Thanks to all the students who are pricking our consciences! There are many alumni who feel the same way that Deborah Averill and John McDiarmid do–we want the College to divest from fossil fuel investments!

      If you are an alumn and you feel strongly about this, please contact me at: Please state your year of graduation. I’ll let you know what some of us plan to do to put a little pressure on the College.

      Richard (’65)

  4. Richard Grossman permalink
    April 22, 2013 12:28 am

    I just posted this to the Swarthmore College Bulletin Facebook page:

    At Swarthmore I learned to attempt to change things that I don’t like; that is part of our alma mater’s long Quaker tradition.
    Not only did I learn a lot at Swarthmore, but I met my beloved wife of 46+ years, Gail (Sise). I feel that I owe a lot to our college.
    Recently I learned that Swarthmore has investments in fossil fuel suppliers. Indeed, its huge endowment is apparently not screened for immoral investments such as arms manufacturers and tobacco.
    Although I had the importance of ethical behavior reinforced at Swarthmore (at the cost of 30 work hours!), Gail and I find this sort of investment policy to be unethical.
    Furthermore, investments in fossil fuels is probably unwise from a financial standpoint. As governments realize the harm that burning fossil fuels causes to the environment and to the climate, it is likely that these investments will become less valuable.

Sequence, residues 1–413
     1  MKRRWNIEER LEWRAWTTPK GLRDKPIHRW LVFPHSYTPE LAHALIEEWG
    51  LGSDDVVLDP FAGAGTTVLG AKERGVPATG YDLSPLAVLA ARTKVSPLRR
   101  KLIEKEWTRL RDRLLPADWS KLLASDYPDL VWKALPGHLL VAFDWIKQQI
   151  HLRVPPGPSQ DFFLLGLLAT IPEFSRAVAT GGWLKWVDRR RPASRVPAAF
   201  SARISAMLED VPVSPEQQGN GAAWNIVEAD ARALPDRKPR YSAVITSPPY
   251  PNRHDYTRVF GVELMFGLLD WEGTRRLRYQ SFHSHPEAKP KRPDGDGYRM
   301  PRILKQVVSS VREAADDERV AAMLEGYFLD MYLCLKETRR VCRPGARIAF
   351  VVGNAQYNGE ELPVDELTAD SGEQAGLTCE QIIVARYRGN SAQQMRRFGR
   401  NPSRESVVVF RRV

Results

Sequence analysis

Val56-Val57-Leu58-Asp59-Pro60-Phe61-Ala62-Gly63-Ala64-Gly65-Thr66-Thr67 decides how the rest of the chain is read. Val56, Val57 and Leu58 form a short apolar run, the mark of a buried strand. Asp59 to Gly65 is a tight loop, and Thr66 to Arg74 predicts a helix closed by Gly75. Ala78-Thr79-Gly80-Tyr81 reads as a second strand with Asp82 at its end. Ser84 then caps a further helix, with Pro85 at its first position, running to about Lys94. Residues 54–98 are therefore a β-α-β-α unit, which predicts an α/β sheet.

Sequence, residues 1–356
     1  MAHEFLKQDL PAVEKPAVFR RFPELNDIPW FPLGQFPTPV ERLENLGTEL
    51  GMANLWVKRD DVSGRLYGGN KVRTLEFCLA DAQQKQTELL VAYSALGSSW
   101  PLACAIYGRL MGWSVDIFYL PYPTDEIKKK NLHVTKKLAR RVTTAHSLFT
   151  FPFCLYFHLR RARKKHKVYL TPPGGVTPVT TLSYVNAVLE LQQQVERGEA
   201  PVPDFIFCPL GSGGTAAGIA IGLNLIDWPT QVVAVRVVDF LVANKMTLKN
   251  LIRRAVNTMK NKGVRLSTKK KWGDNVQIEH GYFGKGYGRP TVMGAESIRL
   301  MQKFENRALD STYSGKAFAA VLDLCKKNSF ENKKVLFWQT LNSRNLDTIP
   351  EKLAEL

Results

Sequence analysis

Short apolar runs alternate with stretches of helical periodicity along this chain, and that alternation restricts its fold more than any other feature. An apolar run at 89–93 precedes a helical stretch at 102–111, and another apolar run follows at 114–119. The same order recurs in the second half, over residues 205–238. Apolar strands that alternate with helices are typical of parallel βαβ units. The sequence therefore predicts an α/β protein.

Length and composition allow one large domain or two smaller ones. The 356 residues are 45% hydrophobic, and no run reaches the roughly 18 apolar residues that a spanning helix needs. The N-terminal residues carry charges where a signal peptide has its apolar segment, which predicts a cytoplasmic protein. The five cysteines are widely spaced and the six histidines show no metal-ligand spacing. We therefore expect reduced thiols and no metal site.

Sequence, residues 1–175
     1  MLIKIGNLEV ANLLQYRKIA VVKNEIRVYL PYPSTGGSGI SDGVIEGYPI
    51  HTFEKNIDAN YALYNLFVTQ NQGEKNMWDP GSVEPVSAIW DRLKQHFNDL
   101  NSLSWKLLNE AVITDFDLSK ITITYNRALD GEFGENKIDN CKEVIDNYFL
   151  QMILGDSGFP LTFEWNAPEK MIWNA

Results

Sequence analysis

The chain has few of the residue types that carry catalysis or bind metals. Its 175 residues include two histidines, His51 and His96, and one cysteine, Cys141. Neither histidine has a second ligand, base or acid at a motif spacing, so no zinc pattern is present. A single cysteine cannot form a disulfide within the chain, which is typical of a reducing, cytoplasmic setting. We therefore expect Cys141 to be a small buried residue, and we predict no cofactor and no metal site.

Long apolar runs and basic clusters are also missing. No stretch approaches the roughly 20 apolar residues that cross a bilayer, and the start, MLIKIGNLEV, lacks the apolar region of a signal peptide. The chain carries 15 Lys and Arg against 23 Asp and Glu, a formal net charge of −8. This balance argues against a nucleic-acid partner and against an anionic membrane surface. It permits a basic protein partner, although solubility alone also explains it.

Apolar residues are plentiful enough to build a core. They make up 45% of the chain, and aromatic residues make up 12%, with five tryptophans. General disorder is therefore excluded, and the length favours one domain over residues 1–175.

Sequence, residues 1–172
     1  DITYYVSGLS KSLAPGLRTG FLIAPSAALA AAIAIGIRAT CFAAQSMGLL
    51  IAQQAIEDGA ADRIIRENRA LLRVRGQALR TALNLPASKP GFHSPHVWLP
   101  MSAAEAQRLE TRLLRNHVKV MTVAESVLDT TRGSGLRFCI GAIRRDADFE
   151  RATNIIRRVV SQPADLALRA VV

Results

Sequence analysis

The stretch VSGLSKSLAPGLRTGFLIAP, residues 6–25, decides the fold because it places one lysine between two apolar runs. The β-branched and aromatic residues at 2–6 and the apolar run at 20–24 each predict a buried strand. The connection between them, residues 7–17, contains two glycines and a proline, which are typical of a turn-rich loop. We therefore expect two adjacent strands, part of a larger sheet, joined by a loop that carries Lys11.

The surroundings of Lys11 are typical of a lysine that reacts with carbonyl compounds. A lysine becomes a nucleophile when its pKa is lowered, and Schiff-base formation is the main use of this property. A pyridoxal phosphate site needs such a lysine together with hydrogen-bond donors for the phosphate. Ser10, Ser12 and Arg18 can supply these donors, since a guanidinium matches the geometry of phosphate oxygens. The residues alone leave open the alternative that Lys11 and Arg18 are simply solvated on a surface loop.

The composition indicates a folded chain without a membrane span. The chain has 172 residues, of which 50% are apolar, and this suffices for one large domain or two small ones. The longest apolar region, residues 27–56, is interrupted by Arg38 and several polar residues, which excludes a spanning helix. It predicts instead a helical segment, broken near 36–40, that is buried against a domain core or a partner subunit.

We are just two voices, but I know that there are others out there who share our concerns. I have four suggestions.
    1. Write on this Facebook page how you feel about our College’s investment policy.
    2. Pressure the Swarthmore College Bulletin to carry an article about screening of investments and divestment of investments in fossil fuel developers.
    3. Put pressure on the Board of Managers. Although there are various ways to do this, we plan to write each Board member a letter about these concerns. We also plan to withhold our planned donation to celebrate our 50th reunion until we know that the Board is making progress toward screening its investments and divesting fossil fuel investments.
    4. We are not alone! Learn about and support Swarthmore Mountain Justice ( We older grads can learn from current Swarthmore students!
    Richard Grossman, ’65

    Congratulations for following your consciences and for being activists!

  5. May 4, 2014 12:46 am

    Back in July 2013 I sent a letter to President Chopp and the members of the Board of Managers, letting them know that I will not contribute to the College until a plan is put in place to divest from the fossil fuel industries. The response I received from President Chopp basically said that the College is continuing the holdings in the fossil fuel companies in order to be able to exercise “shareholder activism.” I believe that this is simply an excuse to avoid the complexities that might be involved in finding (e.g. in holdings such as mutual funds) and in replacing these investments with socially responsible ones. As an alum of generational Quaker background, this is especially troubling for me.

    Thanks, students of Mountain Justice, for taking a stand on this issue. There are lots of us out here who are with you.